Nexa: The Power of Tokens

One of Nexa’s unique feature is its Native Tokenization.
It solves the many limitations other Layer-1s experience, such as Ethereum.
Let’s unravel this gem of a feature.

Create tokens on Nexa just in few clicks without any coding knowledge:

What we will be discussing:

What is a Token
Difference between tokens on Nexa and Ethereum
Implications of these Differences
Cost of Transactions
Authority on Tokens
Safer Token Environment
Token Group and Subgroups

Background: What is a token?

A token is a representation of an asset on a native cryptocurrency blockchain that has been given certain semantics or usage cases, whether trivial or of high substance. Their usage cases are broad in the world of cryptocurrency and can be utilized for various means such as stable coins (such as USDT and USDC), NFTs, ticketing, and as native currencies of dApps and other DeFi ecosystems

What is the difference between Tokens on Nexa and on Ethereum?

Nexa tokens are “native” tokens meaning the fundamental properties of their token semantics and rules is enforced by the blockchain. Whereas Ethereum is a massively distributed computer which has had finance implemented on top of it, with tokens enforced by unique smart contracts specific for each token. From a technical standpoint, Nexa tokens get included as an additional tag that gets included on an output of a transaction that is enforced by miners.

Implications of these Differences:


The code semantics of Native tokens reside on the blockchain, they do not have unique smart contracts. The lack of having individual smart contracts for each token provides more safety for users, as the specific code of each token’s smart contract does not need to be reviewed to ensure the token semantics and rules are being enforced as advertised.

Cost of Transactions:

The cost of Ethereum token transactions on the smart contract layer are ~5x (500%) the cost of the cost of typical Ethereum transaction on their native blockchain.

With Nexa native tokens the cost increase is in the magnitude of ~15% (Nexa native tokens add roughly 32 bytes of data to each transaction, with an average Nexa transaction ~200 bytes with the native Nexa currency, the addition of 32 bytes= 232 bytes).

Authority on Tokens:

When you create a token type, you have a specialty tagged UTXO that allows you to manage script and permissions. It can be also be transferred to others as you would spend a normal transaction. This powerful ability to send authority has implications that can be used in business whereas developers can send authority to businesses. Fundamental rules and authorities that were originally created when the token was launched, can be directly seen on the blockchain without having to review any lengthy smart contracts.

In practical examples, it would be easy for common investors with no code skills, to be able to see if tokens have the ability to mint more, or change the fundamental rules of the token.

Safer Token Environment:

Many contracts on Ethereum have the ability to be changed after first deployment with no communication or decision of the holders. On Nexa the original rules, semantics, and scripts of the token are hardwired into the blockchain. To change the scripts on Nexa tokens, the holders themselves have to agree to upgrade to the new scripted token.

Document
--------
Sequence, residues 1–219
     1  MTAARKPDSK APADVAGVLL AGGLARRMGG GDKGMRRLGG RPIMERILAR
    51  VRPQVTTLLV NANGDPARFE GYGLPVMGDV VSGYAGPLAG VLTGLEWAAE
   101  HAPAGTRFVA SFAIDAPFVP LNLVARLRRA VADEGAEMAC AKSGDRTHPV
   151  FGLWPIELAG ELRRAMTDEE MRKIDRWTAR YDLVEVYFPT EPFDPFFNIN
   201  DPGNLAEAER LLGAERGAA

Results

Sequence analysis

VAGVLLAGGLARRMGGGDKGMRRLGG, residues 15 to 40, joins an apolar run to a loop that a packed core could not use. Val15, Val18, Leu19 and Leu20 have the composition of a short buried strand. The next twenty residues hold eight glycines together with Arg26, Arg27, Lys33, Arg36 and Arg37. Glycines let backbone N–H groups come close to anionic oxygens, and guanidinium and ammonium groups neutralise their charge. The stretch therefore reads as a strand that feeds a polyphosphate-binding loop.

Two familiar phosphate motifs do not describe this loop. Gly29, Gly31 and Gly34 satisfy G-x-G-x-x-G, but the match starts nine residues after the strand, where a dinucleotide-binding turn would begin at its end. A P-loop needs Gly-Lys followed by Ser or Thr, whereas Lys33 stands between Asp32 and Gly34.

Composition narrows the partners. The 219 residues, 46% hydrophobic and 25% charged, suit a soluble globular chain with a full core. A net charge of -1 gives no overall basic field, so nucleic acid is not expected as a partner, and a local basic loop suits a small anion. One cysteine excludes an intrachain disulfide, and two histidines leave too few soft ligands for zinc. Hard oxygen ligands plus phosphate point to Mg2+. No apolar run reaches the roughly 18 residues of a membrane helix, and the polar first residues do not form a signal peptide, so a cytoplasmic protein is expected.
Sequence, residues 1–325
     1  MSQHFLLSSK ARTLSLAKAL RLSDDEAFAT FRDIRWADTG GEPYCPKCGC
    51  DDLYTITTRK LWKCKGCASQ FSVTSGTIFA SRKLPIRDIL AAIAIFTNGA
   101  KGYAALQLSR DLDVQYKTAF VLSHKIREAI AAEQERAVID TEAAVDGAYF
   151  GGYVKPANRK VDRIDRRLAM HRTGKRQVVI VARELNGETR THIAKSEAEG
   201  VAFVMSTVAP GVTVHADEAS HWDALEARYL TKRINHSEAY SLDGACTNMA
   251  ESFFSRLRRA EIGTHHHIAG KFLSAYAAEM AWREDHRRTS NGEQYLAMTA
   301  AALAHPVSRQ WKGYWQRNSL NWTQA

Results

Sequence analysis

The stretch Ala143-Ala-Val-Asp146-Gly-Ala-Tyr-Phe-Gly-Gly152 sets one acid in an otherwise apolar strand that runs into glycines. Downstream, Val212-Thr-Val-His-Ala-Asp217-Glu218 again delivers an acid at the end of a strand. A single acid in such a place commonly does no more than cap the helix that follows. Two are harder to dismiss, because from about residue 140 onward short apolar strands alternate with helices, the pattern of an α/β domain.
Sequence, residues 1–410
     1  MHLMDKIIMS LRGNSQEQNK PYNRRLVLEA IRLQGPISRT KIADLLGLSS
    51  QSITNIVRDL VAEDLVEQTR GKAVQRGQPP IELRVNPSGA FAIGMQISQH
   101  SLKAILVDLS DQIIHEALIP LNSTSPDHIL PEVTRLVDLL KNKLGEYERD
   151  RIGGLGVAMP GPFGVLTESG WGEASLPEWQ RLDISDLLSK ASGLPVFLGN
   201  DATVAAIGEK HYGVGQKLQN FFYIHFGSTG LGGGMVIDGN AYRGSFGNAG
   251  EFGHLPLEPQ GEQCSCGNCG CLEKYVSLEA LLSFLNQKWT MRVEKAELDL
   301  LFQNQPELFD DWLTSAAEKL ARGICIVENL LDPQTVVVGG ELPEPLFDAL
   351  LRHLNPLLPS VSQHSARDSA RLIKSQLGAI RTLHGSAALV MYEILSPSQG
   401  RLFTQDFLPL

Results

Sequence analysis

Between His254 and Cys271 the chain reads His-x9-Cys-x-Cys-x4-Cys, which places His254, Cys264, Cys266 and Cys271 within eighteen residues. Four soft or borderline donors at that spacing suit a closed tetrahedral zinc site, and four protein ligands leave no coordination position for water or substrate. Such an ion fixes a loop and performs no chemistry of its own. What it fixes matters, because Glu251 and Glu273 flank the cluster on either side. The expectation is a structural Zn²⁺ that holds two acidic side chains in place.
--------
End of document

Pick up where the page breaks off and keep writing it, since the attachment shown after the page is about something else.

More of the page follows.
Token Group and Subgroups:

Tokens can have subgroups added to each token group that is created. This allows token creators to add unique proprieties to many subgroups within each group. In a practical usage examples with NFTs, these subgroups allows the holder of an NFT to directly download the NFT data.

This is in contrast to an Ethereum NFT in which the NFT is linked to the smart contract via a URL (that potentially could be broken). With NFTs on Nexa, it would be impossible for NFT data to be changed, as its already on the blockchain.


Being able to enforce rules and constraints of tokens onto the native Nexa Coin. Thereby allowing developers to put forth certain rules and semantics on the Nexa native coin, without requiring full consensus change of the overall Nexa blockchain.

Meaning, if you create a group token, without creating a token, the grouped native Nexa coin becomes the token, and can be subject to certain rules. A practical usage example of this would be if developers want to back tokens with on-chain native Nexa currency.

For example, you could take some Nexa native currency and put it in a “fence” and you could apply rules such as “you can only take this Nexa out of the fence, unless you burn/melt a certain token”. And every time you want to mint more tokens, you would have to put Nexa coin into the “fence”. With the end result, having a fully “backed token” with Nexa native currency behind it.

Learn more of the Power of Tokens on Nexa:

Incredible AMA Discussion between Andrew Stone and Paul Church as seen on Nexa YouTube.

In conclusion, Nexa unique feature for Tokenization will bring substantial value to the Nexa ecosystem. It’s solves the many limitations Layer-1s experience such as Ethereum. Lead Developer Andrew Stone is the mastermind behind this code. It is just one of the special features Nexa facilitates for developers and businesses.

Try the very first Tokenization tools Tokenex: